Happy's marketing news - 27.10.17



Nick Hyde
Nick Hyde

PR & Content Manager

It’s been a busy week in the marketing world, here’s what has caught our eye!

 
 
Metro Mayor Steve Rotheram told the City Region’s first Digital Summit that a combination of world-class connectivity and predictable renewable energy can make Liverpool a magnet for global tech investment. Rotheram highlighted the UK’s most powerful computing centre at the Hartree Centre, Material’s Innovation Factory and Sensor City, as well as an emerging cluster of tech companies beginning to make a real global impact. He said his twin priorities would be to invest in world-class digital infrastructure – linking directly to the GTT trans-Atlantic cable that reaches the UK at Southport – and exploiting the area’s unique potential for renewable energy by harnessing the power of the River Mersey.
 
 
You would be forgiven for thinking Polaroid was dead, with the age of digital photography resulting in the majority of instant camera brands going the way of the dodo. Yet, against all odds, Polaroid is about to launch its first new analogue camera since 2003. Now rebranded as Polaroid Originals, the retro brand’s head of global marketing Martin Franklin says it is currently scaling up production having “steadily grown” its sales since Impossible Project took over nearly 10 years ago. In particular, Franklin believes the so-called “Stranger Things effect” has been incredibly beneficial to the brand. The Netflix sci-fi fantasy TV series is set in the 1980s and pays homage to the decade’s Spielbergian aesthetic, with retro devices such as Polaroid cameras and Atari consoles regularly popping up. “Thanks to Stranger Things, people are enamoured by that 1970s and 1980s aesthetic,” he adds. “From a marketing perspective, we really want to use digital channels and experiential to focus on the ‘wow’ moment of a polaroid being printed out.
 
 
The Advertising Standards Authority’s (ASA) new chairman Lord David Currie has raised concerns over the “unforeseen consequences” of legalising gambling advertising on TV and radio 10 years ago. Speaking to Marketing Week just two weeks into the role, Currie says the ad regulator has been “quite tough” on individual ads. Just last month, it banned ads from Ladbrokes, SkyBet, Casumo and 888 run by affiliates (which are paid a commission for finding new customers) that suggested a man could fund his wife’s cancer treatment by betting online. “There were four that were banned last month where the gambling companies had relied on their affiliates and didn’t really know what was being done on their behalf. They have learned their lesson from that. They were in a bad place because they were causing deep offence. Being tough on those sorts of ads is what the ASA can do,” he explains.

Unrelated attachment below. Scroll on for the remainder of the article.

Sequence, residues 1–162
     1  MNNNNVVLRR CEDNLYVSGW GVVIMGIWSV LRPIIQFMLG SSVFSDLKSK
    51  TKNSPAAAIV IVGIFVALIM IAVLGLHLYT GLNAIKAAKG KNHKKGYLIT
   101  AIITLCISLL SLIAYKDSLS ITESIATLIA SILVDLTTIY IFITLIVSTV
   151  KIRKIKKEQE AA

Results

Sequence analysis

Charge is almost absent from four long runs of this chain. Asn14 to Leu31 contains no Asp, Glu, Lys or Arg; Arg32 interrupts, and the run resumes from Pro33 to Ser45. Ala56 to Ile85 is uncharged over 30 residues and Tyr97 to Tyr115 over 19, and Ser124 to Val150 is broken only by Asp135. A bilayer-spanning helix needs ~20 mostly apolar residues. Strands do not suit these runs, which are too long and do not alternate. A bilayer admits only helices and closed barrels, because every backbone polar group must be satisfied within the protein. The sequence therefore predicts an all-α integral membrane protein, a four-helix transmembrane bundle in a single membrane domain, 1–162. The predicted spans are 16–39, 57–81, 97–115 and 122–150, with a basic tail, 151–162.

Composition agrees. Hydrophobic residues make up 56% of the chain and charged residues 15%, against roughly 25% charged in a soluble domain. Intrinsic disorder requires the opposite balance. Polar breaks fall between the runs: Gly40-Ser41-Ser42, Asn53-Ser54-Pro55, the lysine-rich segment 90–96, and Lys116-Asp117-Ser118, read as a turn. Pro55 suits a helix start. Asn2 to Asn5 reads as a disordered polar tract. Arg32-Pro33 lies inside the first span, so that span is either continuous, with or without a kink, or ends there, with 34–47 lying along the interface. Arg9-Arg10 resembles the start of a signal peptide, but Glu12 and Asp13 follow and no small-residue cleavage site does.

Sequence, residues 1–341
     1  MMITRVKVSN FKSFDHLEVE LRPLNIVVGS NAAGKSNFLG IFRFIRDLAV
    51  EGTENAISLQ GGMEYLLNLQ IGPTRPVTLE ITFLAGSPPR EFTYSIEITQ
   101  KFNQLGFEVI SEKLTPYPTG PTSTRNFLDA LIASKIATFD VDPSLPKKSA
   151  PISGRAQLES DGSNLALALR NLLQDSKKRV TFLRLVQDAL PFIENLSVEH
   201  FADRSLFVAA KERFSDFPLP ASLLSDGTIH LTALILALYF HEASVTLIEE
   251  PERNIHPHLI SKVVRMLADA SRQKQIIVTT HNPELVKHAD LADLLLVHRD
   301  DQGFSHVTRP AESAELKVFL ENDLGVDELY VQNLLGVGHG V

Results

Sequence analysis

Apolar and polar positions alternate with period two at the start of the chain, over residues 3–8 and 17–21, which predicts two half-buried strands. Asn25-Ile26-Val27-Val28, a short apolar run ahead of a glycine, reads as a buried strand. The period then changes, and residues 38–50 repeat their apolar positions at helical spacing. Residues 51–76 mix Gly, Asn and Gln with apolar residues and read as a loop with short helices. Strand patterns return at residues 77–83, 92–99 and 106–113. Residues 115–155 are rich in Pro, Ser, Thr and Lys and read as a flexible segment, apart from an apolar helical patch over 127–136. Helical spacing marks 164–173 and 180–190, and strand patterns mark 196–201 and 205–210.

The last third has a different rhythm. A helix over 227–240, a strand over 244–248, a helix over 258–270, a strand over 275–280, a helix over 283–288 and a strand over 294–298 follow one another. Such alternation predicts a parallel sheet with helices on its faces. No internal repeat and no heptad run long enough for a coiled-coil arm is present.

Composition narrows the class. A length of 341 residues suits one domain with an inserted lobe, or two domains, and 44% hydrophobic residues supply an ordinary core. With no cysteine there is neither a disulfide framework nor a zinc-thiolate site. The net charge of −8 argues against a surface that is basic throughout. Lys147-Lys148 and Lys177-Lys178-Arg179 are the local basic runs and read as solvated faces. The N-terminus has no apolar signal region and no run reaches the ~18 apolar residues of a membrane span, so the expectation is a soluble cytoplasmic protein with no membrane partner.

Coca-Cola is looking for more opportunities in premium segments and craft beverages as it looks to jump on the “resurging trend” and drive growth. The company has just revamped the Schweppes brand in the UK and launched a new range of premium mixers, Schweppes 1783. Meanwhile, in Spain it has introduced Royal Bliss, a new premium mixer brand only sold in the on-premise channel. Coca-Cola is also building a foundation in “sophisticated flavours” with brands including Appletiser in Europe.
 
 
Amazon is constantly on the look-out out for ways to make delivery faster and more convenient. One of the key issues in delivery is that customers aren’t always home when a package is being dropped off, but Amazon thinks it has come up with a novel solution. For $249.99, customers can now buy a smart lock and connected camera which, once in place, will mean an option for “in-home delivery” appears when ordering. If picked, the service, dubbed Amazon Key, allows Amazon’s couriers to gain access to customers’ homes so they can deposit orders directly in people’s homes. Amazon is hoping to alleviate the trust issue with the connected camera. It will record the drop-off and send the video to the customer along with a confirmation of delivery so they can see all is in order. Amazon Key is available on more than 10 million items, although anything that is big and bulky isn’t included. Currently, the service is only available in 37 US cities where Amazon Logistics is responsible for the delivery. But the hope is to expand it more widely in future.
 
 
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